Let's not overlook economy's impact on seniors

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Jack West
Jack West
The troubles on Wall Street have been raising a lot of awareness about the status of one's nest egg. The value of a home, the strength of a 401K plan, and the dwindling financial position for people hoping to one day retire with some level of security is getting a great deal of attention.

As most of the so-called experts are preaching, people in their 30s, 40s and 50s still have time to ride out the current storm and await the recovery. But what about those who are depending on their investments today? This is the conversation missing from the national landscapeā€”the impact of the current economy on those who already have retired and deserve to age with dignity, receiving the care they will need.
 
These are the men and women who have worked hard, saved well and are supposed to be taken care of in their senior years. These are the people who deserve to have a voice and to be taken care of in a dignified manner.  They are a living portrait of a larger lesson for our country. They have lived through hard economic times and survived them. Many fought wars and served our country. They have been the backbone of our nation. Now, many of them are worried about not only their financial security, but who will take care of them, and where will they be taken care of?
 
While the value of a dollar may be diminishing, the value of our aging senior population is not.  Yet we are a nation that is underbuilt and undercapitalized when it comes to senior housing. And it is not just our parents and grandparents facing these challenges. We all will live longer to realize that dismal reality if we do not act today.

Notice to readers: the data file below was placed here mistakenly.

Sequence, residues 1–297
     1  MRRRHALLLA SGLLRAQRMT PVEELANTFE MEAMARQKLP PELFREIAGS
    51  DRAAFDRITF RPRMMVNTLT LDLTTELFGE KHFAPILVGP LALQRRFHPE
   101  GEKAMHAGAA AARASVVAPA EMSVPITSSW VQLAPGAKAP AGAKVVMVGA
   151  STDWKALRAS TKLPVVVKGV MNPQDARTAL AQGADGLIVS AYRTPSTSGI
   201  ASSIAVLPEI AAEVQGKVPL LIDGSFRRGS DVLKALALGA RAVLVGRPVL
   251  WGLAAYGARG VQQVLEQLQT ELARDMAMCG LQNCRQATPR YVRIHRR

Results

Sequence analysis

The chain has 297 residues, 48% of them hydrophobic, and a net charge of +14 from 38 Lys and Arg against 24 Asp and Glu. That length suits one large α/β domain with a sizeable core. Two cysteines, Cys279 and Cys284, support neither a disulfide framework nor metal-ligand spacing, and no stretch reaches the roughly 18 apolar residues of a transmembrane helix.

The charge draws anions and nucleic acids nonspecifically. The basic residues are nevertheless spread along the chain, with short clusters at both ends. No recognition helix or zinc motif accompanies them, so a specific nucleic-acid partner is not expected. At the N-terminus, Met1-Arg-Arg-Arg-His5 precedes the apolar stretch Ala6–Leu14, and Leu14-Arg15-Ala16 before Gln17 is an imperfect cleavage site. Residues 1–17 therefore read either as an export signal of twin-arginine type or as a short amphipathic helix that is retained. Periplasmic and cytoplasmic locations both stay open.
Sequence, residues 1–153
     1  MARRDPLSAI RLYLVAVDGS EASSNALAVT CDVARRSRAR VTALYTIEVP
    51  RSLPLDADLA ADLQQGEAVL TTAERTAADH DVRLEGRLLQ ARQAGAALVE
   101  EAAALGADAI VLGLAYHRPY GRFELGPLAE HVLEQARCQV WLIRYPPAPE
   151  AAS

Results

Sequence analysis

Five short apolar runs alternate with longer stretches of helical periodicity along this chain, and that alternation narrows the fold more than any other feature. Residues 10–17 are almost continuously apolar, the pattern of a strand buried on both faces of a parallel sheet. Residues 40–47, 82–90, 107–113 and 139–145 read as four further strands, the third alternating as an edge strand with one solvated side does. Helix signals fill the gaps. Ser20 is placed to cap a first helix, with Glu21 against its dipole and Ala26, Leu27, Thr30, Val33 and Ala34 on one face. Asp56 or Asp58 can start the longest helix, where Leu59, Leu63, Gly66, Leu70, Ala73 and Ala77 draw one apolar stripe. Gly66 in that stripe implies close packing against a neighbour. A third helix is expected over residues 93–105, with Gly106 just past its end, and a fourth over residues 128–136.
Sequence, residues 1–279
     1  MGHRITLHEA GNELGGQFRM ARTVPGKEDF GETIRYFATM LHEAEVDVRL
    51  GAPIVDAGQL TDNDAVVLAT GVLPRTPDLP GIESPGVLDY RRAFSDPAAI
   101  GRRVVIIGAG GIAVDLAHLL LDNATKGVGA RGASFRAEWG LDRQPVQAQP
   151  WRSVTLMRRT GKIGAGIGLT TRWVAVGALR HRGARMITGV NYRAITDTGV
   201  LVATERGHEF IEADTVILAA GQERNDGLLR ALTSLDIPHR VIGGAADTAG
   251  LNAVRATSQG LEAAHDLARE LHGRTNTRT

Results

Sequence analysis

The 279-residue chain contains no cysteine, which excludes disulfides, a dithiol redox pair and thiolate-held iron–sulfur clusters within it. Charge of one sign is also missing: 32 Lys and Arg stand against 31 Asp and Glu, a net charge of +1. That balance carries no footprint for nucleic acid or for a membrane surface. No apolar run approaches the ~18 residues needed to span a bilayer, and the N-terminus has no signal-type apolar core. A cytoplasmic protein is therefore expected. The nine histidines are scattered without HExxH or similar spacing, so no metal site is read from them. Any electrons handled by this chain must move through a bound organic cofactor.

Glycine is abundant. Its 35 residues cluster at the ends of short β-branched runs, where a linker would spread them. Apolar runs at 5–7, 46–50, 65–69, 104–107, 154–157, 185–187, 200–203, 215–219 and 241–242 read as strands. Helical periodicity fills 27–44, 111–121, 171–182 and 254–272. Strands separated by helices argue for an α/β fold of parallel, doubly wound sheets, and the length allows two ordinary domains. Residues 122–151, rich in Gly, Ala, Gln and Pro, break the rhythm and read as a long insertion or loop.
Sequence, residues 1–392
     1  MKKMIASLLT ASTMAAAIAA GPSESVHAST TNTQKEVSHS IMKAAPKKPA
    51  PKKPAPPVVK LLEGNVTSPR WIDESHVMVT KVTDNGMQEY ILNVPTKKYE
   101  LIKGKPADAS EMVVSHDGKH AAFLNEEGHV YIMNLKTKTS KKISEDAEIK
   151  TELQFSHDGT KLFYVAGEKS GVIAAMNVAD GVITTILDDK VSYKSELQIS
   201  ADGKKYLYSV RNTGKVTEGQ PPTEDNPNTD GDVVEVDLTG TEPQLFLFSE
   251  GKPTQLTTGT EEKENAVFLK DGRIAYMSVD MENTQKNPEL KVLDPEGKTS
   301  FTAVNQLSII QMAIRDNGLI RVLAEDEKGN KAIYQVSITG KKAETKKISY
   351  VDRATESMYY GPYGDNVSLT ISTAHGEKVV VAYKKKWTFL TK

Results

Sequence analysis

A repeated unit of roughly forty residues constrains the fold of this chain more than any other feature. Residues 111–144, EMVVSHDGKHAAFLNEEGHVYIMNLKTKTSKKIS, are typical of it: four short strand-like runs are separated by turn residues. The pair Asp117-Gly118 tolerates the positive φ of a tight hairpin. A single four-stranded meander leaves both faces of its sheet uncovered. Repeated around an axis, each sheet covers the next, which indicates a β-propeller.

Being involved in the senior housing sector was once a game only played by the large corporate giants. And the current assisted living supply is simply not enough. Not enough rooms, not enough residences in enough communities.  

What about your community? In truth, every community in every state in America should be able to support and take care of its seniors. It is an obtainable goal.  Assisted living residences can be human-scale, can be small enough to be built in every town in America. Both assisted-living and long-term care providers need to rally to get and keep the ear of the new administration in these challenging times.
 
True economic recovery means getting smart about money and investing in those things that are important and add value to our communities. As America debates how to move forward in these challenging times, we must include our valued and honored seniors in these discussions. We owe this to them and to ourselves.  
 
Jack West is the founder founder of Country Place Living, a franchisor of assisted-living residences for seniors in rural America. See more at www.countryplaceliving.com.

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